When Darwin wrote his Origin of Species, one of his main concerns was with the perceived shortness of the fossil record of life. Until the work of J. William Schopf and his colleagues, much of this history was thought to be unknowable. This book, through a memoire of Schopf’s personal recollections, documents astonishing discoveries revealing the first 85% of the history of life. These earliest periods of life on Earth emerge as a tale of individual and internationally collaborative exploration told by a scholar whose 60 years of research contributed to the recognition of the richness and diversity which forms the foundation of today’s biodiversity.
- Documents, through personal narrative, a paradigm shift is the study of the earliest life
- Summarizes a fossil record largely unknown until relatively recently
- Addresses one of Darwin's most troubling concerns about his theory of natural selection
- Predicts future developments in the study of first life
Table of Contents
Chapter 1 The Schopf Lineage
Chapter 2 Bill Schopf’s Schooling and First Year of College
Chapter 3 Earth’s Early Life – The Quest Begins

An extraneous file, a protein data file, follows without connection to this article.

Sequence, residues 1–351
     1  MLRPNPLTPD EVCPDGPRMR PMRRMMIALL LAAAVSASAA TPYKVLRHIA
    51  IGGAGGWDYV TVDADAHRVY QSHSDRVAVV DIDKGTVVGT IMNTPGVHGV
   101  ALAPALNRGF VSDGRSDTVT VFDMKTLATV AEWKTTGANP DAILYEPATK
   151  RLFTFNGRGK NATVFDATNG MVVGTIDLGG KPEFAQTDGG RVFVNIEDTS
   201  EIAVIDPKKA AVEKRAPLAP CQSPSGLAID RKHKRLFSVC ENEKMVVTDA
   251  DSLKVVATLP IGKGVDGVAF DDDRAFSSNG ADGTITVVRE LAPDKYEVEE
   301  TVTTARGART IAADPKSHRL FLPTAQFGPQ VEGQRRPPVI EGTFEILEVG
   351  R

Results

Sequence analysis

Chapter 4 The Missing Precambrian Record of Life
Chapter 5 Graduate School and Early Career
Chapter 6 The 1970s – Lucky, Time and Time Again
Chapter 7 The 1980s – The PPRG Defines the Field
Chapter 8 This Science Over the Years
Chapter 9 Today’s Status of This Science
Chapter 10 Final Comments
Addendum: Selected Relevant Literature in Chronological Order
J. William Schopf is Distinguished Professor and Director of the Center for the Study of Evolution and the Origin of Life at the University of California Los Angeles. He is an elected member of the American Philosophical Society, the American Academy of Arts and Sciences, and the National Academy of Sciences. He is the author or co-author of hundreds of scholarly journal articles, as well as many authored and edited books. His books have won 3 national prizes.
Bill Schopf is a remarkable man, a great scientist and a fine writer. The various threads of the tale he relates here add up to a storied saga of the evidenced-based search for the earliest life on the planet, as well as that of the distinguished if often otherwise anonymous men and women who were responsible for marking one of the greatest milestones in recent scientific history. The voice of Bill Schopf is a humble yet commanding one: it deserves to be heard.
"This retrospective might provide an important test case for philosophers of science interested in questions about optimism versus pessimism in reconstructing the deep past. This is a case where methodological innovation has enabled scientists to extract more information about life in deep time than earlier researchers ever suspected was possible, but new discoveries continuously highlight remaining gaps in our understanding of life’s early history." - Derek D. Turner and Ahmed AboHamad, Philosophy, Connecticut College, New London, Connecticut